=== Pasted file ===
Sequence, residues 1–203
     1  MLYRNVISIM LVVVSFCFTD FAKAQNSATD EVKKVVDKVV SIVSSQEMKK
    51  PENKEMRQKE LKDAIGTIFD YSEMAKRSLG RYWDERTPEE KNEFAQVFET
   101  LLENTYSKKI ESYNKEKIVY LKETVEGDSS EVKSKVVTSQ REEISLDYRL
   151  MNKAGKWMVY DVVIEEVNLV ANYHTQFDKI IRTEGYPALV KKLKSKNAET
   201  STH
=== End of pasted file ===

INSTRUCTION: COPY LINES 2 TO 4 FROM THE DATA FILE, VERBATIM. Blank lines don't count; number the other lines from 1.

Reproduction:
     1  MLYRNVISIM LVVVSFCFTD FAKAQNSATD EVKKVVDKVV SIVSSQEMKK
    51  PENKEMRQKE LKDAIGTIFD YSEMAKRSLG RYWDERTPEE KNEFAQVFET
   101  LLENTYSKKI ESYNKEKIVY LKETVEGDSS EVKSKVVTSQ REEISLDYRL